idea: set a niceness value under which a process won't awaken suspended CPU

Lennert Buytenhek buytenh at
Fri Mar 2 05:06:03 EST 2012

On Fri, Mar 02, 2012 at 01:50:16AM -0800, Jon Nettleton wrote:

> > One problem you can get into with this scheme is a kind of priority
> > inversion.  If the low priority process does:
> >
> >        fd = open("/foo/bar", O_RDWR);
> >        flock(fd, LOCK_EX);
> >
> > and the high priority process then also does:
> >
> >        fd = open("/foo/bar", O_RDWR);
> >        flock(fd, LOCK_EX);
> >
> > and the low priority process then does:
> >
> >        sleep(1);
> >        flock(fd, LOCK_UN);
> >
> > and the system then goes into suspend, you'll not wake up again
> > after that second expires, and you might not wake up again soon
> > at all.  The low priority process doesn't even have to sleep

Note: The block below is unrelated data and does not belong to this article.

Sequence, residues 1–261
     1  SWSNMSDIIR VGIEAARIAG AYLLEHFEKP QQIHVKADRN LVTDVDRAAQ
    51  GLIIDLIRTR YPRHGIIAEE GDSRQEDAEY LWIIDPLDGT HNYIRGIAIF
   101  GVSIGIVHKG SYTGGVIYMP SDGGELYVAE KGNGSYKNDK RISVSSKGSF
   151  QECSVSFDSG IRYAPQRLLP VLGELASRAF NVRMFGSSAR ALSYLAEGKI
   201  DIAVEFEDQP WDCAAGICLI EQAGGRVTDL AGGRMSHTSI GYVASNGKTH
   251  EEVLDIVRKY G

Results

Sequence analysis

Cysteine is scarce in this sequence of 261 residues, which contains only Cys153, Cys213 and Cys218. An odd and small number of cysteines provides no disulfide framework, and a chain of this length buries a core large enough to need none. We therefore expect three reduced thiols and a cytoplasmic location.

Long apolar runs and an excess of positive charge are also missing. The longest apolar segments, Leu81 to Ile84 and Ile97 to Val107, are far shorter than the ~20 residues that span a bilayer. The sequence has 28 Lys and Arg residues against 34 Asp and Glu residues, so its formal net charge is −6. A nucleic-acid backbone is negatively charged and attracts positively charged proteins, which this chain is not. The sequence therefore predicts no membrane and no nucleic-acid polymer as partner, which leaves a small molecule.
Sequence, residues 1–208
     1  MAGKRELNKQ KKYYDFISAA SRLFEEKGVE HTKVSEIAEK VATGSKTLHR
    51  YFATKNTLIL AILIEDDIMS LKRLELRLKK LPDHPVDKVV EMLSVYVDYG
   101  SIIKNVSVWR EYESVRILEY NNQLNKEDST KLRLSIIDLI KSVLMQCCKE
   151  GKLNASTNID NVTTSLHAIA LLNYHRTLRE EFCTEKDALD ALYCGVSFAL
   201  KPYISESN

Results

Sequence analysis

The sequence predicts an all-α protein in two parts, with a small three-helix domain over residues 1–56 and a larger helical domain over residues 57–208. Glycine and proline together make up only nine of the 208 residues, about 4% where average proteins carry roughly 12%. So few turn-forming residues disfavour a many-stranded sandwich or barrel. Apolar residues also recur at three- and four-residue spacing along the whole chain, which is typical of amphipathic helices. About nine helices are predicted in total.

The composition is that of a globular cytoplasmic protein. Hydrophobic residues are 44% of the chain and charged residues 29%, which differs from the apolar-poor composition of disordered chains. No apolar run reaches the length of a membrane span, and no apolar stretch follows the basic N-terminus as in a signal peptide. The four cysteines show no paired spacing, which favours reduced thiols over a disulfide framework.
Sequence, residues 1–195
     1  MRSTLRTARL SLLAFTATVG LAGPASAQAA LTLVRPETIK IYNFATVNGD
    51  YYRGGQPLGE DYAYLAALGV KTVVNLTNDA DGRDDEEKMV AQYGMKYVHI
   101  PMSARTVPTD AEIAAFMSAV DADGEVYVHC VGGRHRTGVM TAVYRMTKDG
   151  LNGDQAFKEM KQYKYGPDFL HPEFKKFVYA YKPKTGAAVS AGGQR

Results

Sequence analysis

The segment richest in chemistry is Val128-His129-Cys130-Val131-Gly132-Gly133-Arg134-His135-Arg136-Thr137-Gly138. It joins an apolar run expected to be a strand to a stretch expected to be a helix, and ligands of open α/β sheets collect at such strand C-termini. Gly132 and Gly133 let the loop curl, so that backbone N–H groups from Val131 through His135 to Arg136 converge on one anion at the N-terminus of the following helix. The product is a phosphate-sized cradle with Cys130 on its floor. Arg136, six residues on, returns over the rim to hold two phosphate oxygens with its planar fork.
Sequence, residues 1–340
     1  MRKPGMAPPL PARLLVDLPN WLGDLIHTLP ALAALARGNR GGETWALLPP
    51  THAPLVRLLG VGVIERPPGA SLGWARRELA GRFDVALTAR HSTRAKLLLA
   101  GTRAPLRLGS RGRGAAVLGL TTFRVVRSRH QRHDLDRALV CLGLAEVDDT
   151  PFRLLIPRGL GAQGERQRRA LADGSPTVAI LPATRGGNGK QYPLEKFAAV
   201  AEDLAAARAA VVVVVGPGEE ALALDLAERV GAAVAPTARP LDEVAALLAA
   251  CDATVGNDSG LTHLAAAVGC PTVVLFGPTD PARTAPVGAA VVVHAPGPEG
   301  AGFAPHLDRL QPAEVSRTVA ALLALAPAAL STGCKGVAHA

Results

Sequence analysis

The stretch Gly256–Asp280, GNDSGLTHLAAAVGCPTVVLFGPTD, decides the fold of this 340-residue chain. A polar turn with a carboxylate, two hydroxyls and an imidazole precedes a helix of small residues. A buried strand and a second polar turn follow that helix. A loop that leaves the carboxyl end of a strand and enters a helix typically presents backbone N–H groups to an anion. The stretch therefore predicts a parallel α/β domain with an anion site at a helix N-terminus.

> > explicitly, if it takes a page fault you get basically the same
> > thing.
> I believe the cgroup method will catch this though.  I would have
> to double check, but I think that the cgroup becomes partially
> frozen returning EBUSY until all the processes can properly be
> frozen.  At that time I believe it is up to userspace to thaw, or
> refreeze the group, unless the blocking process ends in which case
> the entire cgroup is set to the frozen state.

You can still suffer from priority inversion if you freeze a cgroup
with a low priority process in it that holds a resource that another
high priority process needs.

You indeed can't suffer from priority inversion between processes in
the same cgroup if you are going to freeze all of them, but then you
don't care about CPU wakeups for the high priority process either.

I guess that what I don't see yet is how you would use cgroups to
implement the goals of John's scheme.

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